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What Are the Signs of a Diazepam Addiction?

Autumn Rivers
By
Updated May 17, 2024
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Diazepam tends to have a sedative effect and is often used to treat anxiety, muscle spasms and alcohol withdrawal symptoms. While many patients find it useful for this purpose, some become addicted to it after using it for just a few days. The addiction to this drug can be both physical and psychological. Physical signs of diazepam addiction often include drowsiness, slower breathing and trouble walking and talking, while psychological symptoms tend to include drug-seeking behavior and disinterest in normal activities. Those who quit suddenly may experience withdrawal symptoms that can include sweating, appetite loss and convulsions.

The point of diazepam is to depress the nervous system so patients can feel relaxed, so it is rather normal for them to be noticeably calmer than usual. Those with a diazepam addiction, however, may portray some extreme symptoms that do not seem normal, because they are often using too much of the drug at once. For example, some signs of abuse include constant drowsiness, confusion and depression. Uncoordinated movements and slurred speech also may occur, along with slower breathing and reduced blood pressure.

Aside from physical symptoms of diazepam addiction, there are behavioral signs that may occur, signaling that a patient feels he constantly has to have more of this drug. The more a patient takes, the more he has to take to get the same feeling, which may result in drug-seeking behavior that tends to include frequent doctor visits in an attempt to get a prescription. Patients whose doctors stop giving them this drug may forge prescriptions or attempt to buy the drug from a country that does not require a doctor's permission for purchase. Additionally, patients with a diazepam addiction may stop showing interest in normal hobbies, spend a lot of time trying to get more of this drug, and sleeping as a result of its role as a depressant. Many patients also stop going to work or school and neglect paying their bills, because they need the money to buy more diazepam.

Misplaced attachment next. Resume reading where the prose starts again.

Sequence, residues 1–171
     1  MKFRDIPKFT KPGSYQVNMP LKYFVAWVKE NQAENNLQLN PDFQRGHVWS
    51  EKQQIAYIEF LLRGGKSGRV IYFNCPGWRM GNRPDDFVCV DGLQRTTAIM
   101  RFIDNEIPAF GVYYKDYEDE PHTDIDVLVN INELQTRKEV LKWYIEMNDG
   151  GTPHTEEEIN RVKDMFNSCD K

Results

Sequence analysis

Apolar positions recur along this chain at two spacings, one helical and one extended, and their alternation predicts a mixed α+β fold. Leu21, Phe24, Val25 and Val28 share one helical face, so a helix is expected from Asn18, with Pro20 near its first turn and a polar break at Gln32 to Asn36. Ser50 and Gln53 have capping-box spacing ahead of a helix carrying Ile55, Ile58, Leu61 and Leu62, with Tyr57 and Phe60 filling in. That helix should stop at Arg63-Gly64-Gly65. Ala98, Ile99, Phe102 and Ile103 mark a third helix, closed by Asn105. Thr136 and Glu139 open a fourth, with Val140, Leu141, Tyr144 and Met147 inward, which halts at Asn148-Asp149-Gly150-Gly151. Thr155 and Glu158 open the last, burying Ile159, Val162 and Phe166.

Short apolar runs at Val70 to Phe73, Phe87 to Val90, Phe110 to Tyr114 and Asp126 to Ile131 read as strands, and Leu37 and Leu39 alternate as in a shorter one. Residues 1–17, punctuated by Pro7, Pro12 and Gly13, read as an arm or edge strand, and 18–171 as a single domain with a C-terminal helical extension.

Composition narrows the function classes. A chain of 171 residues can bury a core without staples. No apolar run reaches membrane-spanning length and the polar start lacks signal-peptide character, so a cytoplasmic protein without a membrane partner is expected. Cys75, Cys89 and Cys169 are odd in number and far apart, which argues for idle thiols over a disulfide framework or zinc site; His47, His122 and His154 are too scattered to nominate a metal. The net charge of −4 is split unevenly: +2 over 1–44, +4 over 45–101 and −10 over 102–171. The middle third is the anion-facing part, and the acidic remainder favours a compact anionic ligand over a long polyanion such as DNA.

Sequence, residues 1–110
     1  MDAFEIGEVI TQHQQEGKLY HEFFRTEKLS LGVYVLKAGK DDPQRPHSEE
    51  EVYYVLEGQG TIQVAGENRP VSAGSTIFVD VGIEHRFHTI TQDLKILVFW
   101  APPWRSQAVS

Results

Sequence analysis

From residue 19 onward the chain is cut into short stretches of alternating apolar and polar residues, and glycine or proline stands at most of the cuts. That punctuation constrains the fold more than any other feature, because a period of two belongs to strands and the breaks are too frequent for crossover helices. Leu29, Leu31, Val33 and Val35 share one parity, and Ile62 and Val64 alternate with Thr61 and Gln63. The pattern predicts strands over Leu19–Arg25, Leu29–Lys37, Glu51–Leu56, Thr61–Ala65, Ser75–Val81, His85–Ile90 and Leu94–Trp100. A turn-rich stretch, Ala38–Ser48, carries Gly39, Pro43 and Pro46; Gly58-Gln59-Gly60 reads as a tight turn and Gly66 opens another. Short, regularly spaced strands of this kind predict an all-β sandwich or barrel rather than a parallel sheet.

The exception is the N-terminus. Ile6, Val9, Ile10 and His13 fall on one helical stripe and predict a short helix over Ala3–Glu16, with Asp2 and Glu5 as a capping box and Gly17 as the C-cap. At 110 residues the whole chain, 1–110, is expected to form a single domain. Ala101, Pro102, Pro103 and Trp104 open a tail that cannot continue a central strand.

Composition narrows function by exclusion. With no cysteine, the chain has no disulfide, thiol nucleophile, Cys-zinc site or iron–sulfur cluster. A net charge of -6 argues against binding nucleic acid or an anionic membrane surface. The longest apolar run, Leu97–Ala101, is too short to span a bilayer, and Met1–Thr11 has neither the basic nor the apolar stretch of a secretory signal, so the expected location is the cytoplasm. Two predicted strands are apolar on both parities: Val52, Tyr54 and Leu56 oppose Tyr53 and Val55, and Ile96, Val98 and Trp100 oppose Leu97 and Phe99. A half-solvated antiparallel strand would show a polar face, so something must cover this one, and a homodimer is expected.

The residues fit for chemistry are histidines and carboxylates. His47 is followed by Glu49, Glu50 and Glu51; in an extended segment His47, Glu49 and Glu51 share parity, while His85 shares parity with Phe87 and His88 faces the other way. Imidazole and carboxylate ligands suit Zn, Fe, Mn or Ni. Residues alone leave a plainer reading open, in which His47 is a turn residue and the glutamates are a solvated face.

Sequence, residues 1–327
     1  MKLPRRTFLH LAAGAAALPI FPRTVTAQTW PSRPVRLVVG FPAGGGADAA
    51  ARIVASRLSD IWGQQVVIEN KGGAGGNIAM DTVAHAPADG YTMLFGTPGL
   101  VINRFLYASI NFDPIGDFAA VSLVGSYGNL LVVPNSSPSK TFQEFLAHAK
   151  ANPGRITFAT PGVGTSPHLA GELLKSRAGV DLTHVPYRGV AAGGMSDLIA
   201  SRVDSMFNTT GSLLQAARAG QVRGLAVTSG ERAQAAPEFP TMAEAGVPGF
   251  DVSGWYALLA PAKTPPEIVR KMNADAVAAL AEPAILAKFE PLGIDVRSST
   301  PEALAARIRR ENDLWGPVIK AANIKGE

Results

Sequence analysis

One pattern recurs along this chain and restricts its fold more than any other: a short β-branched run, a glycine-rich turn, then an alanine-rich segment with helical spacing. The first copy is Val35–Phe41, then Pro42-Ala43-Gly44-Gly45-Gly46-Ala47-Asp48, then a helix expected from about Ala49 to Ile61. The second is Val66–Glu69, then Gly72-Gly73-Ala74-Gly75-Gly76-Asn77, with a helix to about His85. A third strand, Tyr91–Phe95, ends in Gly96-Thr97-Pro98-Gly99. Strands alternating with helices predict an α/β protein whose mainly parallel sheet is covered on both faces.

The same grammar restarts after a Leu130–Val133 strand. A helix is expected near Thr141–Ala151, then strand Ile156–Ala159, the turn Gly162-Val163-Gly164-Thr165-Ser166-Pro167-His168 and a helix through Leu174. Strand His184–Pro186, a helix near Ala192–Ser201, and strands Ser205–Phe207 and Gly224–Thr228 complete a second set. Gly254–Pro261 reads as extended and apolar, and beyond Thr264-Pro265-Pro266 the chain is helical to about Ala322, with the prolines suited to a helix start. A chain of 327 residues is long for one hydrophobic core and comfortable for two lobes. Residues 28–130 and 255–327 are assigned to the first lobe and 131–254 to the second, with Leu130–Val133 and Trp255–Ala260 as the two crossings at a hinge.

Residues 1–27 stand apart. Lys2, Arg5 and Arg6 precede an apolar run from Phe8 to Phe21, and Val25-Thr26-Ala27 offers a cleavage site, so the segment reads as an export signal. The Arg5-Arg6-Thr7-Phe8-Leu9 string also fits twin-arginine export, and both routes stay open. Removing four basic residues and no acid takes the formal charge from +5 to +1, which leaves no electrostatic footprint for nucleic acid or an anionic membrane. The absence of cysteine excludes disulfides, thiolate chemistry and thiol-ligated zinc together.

Patients who suddenly stop taking diazepam tend to get withdrawal symptoms, some of which include a fast heartbeat, blurry vision and sweating. Other physical symptoms of withdrawal from this drug tend to include diarrhea, sensitivity to lights and appetite loss. Those with a diazepam addiction may feel irritable, anxious, and unable to concentrate when they suddenly stop taking this drug. In severe cases, patients may vomit and go into convulsions; this is why it is usually recommended that they gradually stop taking the medication, with the help of a doctor, if necessary.

WiseGeek is dedicated to providing accurate and trustworthy information. We carefully select reputable sources and employ a rigorous fact-checking process to maintain the highest standards. To learn more about our commitment to accuracy, read our editorial process.
Autumn Rivers
By Autumn Rivers
Autumn Rivers, a talented writer for WiseGeek, holds a B.A. in Journalism from Arizona State University. Her background in journalism helps her create well-researched and engaging content, providing readers with valuable insights and information on a variety of subjects.

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Autumn Rivers

Autumn Rivers

Autumn Rivers, a talented writer for WiseGeek, holds a B.A. in Journalism from Arizona State University. Her background in journalism helps her create well-researched and engaging content, providing readers with valuable insights and information on a variety of subjects.
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